The past few years have seen the launch of numerous electric vehicles (EVs) and almost as many announcements by governments regarding legislation compelling motorists to switch to more environmentally friendly vehicles. Add to this a change in mindset and attitude as a result of the pandemic and perhaps 2022 could be the year we truly “switch on”.
Of course that depends on where in the world you are. In China, small, cheap EVs are great for city driving and have proven popular there. In many European countries, governments have set deadlines when sales of new cars with internal combustion engines will end. The way we use cars has also changed, making electric and electrified vehicles more viable for many, and this year we will have even more choices.
SA has its challenges in this regard though, not least the availability of electricity. Still, many motorists have been using the BMW i3, the Jaguar I-Pace or the Nissan Leaf for years without issues, and 2022 will provide us with a load of new models.
You don’t have to go all in on electric, thanks to hybrids like those offered by Lexus. If want something that connects to a socket then you’ll be looking at a plug-in hybrid electric vehicle (PHEV). They’ve been around for a while, including versions of the BMW 7-Series and Range Rover and there will be more this year, including the Bentley Flying Spur PHEV, the latest Range Rover and options from Mercedes-Benz.
However, if you are keen to get fully charged, then prepare for a battery of EVs besides the heading our way. The end of 2021 already saw the arrival of the new BMW i4 and iX at the end of 2021.
The i4 is a superb fastback coupe that blends elements of traditional BMW styling with modern EV tech. It’s so good, in fact, that you’ll forget all about the controversial grille.
The iX is unique, from its design to choice of materials and the fabulous curved screens that span the dashboard. Prices for the iX start at R1,650,000.
The iX3 SUV is arriving soon, though it’s more of an electric X3 than a model designed and engineered to be electric. BMW might be switching off the i3 in its current form this year, but the Bavarian automaker has lots more coming as it moves into the electric realm.
Audi, meanwhile, is finally delivering EVs sporting the famous four rings after a couple of years of delays. The E-Tron SUV starts at R1.99m and is available in regular and Sportback guise. It will appeal to those seeking a more traditional Audi SUV look and feel combined with the thrill of instant torque from an electric motor offering up to 300kW as well as a potential range of 441km.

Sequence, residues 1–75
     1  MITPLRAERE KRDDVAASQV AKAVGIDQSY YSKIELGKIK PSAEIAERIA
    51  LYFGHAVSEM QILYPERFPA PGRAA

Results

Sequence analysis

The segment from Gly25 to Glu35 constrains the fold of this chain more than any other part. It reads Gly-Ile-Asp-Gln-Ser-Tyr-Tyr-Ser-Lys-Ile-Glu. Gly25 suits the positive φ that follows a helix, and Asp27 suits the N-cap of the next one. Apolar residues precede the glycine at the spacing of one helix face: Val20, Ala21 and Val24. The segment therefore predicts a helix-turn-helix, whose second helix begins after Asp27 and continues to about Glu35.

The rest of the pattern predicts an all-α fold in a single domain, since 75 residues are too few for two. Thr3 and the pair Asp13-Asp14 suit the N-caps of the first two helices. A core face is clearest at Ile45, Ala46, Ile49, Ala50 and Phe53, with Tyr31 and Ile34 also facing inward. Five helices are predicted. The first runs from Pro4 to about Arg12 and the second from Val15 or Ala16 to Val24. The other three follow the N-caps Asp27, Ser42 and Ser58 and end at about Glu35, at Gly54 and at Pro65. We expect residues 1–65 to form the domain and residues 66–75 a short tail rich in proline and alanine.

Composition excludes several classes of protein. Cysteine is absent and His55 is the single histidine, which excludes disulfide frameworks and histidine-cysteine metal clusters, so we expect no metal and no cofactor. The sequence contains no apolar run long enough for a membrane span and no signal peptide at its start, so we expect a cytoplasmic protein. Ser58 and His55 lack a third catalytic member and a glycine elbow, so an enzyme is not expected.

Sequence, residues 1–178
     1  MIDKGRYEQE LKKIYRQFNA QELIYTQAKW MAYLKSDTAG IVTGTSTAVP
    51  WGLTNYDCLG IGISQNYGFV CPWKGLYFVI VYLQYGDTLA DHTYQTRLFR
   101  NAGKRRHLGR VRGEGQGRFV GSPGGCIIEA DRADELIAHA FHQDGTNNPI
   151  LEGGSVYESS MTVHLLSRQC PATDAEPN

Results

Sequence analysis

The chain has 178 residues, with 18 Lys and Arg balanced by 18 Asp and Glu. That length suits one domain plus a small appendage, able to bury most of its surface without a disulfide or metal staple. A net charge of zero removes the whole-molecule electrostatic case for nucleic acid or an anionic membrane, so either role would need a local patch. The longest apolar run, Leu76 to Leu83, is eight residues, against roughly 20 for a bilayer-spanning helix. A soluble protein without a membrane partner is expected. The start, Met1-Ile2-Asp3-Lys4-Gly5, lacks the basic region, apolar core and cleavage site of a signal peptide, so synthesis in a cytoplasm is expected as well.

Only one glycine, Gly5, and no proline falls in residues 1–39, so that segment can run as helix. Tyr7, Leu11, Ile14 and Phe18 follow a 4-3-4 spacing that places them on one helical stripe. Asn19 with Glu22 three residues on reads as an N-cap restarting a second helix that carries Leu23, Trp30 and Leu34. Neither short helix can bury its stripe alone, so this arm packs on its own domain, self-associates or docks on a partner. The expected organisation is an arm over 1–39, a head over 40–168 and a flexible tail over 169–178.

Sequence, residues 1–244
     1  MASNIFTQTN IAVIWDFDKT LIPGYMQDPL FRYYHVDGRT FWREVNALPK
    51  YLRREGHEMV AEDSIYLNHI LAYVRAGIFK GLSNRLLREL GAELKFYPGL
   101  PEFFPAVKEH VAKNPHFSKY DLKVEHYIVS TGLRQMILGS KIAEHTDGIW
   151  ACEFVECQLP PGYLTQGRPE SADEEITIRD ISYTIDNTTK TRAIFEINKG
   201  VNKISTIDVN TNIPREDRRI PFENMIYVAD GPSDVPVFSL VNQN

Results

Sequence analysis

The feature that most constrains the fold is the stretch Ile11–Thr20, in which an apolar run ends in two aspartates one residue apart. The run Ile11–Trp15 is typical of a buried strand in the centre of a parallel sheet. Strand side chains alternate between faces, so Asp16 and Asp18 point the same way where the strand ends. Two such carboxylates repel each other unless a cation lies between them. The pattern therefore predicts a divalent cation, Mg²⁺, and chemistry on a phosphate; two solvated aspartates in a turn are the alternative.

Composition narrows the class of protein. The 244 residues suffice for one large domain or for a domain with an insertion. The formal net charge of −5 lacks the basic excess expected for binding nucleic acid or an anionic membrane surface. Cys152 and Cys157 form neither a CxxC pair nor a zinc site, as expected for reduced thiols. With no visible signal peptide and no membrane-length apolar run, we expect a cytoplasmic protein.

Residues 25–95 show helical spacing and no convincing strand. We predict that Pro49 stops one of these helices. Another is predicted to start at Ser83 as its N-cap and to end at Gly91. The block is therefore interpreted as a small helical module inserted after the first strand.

If it’s style and performance you are after, the Audi E-Tron GT and its even faster GT RS sibling that could well grab your attention. Based on the same platform as the Porsche Taycan EV, the E-Tron GT has more dynamic and futuristic looks, and an interior that will feel more familiar to Audi fans. It’s not as precise and dynamic as the Porsche, but with up to 440kW in the GT RS and a range of as much as 488km in the GT, it shows that EVs have not only come a long way in terms of performance and range, but style and sophistication too.
Not to be outdone, Mercedes-Benz has some electric aces up its sleeve. The EQC isn’t great — another example of an electric powertrain quickly packed into an existing model — but a bunch of new models are due in the second quarter that promise to deliver a more exciting and competent package. These include the EQA, the EQB and the luxurious EQE and EQS.
Those are some of the premium models heading our way this year. Volkswagen is considering bringing some of its EVs, which could include the World Car of the Year ID4 and we know of a few other automakers weighing up their options.
None of this means you suddenly have to buy a new electric vehicle; petrol and diesel will be with us for many years and there are always PHEVs for those who aren’t quite ready to go fully electric yet. Moreover, fossil fuels produce most of the power needed for EVs, so it’s valid to question the green credentials of an EV compared with to a traditionally-powered new car.
SA needs to address those issues, as well as those relating to charging infrastructure and the high duties levied on EVs, before the market can really charge up. Still, 2022 is likely to be the year in which EVs become cool, and the focus will be very much on enticing those in the market for a premium or luxury car to plug in to the future.